Oracle Database has a myriad of other complexities including database clusters and backup and failover systems that have their own nuances relating to both inventory and licensing. Many Oracle products can be licensed using Processor or Named User Plus license models, so it is important to understand in which scenarios each model should be applied to minimize the associated licensing costs.
What is the best piece of advice you could give someone struggling with their Oracle licensing?
I highly recommend leveraging an inventory solution verified by Oracle License Management Services for managing Oracle licensing. Oracle accepts inventory data from these solutions during an audit, and knowing that your license calculations are based on the same data as Oracle’s audits is a very compelling risk mitigation. And while Oracle Database licensing is rightly the primary focus for most organizations, don’t neglect other high spend products such as WebLogic and E-Business Suite.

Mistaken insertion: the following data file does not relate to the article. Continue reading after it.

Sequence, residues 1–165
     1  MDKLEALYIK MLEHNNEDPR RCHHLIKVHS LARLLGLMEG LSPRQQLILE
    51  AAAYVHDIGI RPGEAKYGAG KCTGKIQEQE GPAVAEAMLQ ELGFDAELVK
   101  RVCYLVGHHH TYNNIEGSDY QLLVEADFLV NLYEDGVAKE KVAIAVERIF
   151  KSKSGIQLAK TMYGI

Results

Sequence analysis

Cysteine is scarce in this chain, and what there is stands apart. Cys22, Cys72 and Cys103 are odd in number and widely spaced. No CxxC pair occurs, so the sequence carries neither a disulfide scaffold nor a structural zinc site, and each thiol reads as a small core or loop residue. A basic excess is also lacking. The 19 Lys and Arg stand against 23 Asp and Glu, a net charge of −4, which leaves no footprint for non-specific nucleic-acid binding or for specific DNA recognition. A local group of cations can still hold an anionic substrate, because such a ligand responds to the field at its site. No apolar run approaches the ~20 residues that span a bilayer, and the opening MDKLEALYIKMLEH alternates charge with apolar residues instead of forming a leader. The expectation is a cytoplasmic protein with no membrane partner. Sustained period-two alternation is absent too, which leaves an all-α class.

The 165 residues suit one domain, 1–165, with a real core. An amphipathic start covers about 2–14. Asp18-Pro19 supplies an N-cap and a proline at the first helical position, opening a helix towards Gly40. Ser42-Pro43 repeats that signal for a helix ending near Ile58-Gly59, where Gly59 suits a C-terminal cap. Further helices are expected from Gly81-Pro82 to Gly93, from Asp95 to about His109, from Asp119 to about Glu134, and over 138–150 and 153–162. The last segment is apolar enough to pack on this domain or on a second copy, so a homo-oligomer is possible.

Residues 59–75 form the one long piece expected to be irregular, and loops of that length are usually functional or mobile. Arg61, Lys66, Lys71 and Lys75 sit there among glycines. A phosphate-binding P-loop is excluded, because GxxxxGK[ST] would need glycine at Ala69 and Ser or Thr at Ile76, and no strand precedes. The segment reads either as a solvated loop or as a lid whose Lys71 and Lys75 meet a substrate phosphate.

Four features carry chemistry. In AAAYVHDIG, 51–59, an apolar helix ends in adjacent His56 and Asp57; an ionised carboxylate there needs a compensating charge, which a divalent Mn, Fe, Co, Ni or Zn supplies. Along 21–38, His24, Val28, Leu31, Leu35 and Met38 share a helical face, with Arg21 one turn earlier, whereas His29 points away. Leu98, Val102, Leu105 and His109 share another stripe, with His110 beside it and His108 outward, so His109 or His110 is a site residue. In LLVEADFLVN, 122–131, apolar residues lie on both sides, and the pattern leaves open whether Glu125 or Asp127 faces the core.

Licensing SAP can be a real headache for customers. If a user is struggling to manage their SAP licenses effectively, what advice would you give them?
SAP license management is very difficult and tedious. SAP requires their customers to assign a named user license type to every user account on every SAP system based on their role, with no hard enforcement to ensure that the correct license type is assigned. Building and maintaining these license assignments over time with any degree of accuracy requires automation. Automation to identify and retire inactive users. Automation to identify users who are being double-licensed. Automation to assign the right license type to each user.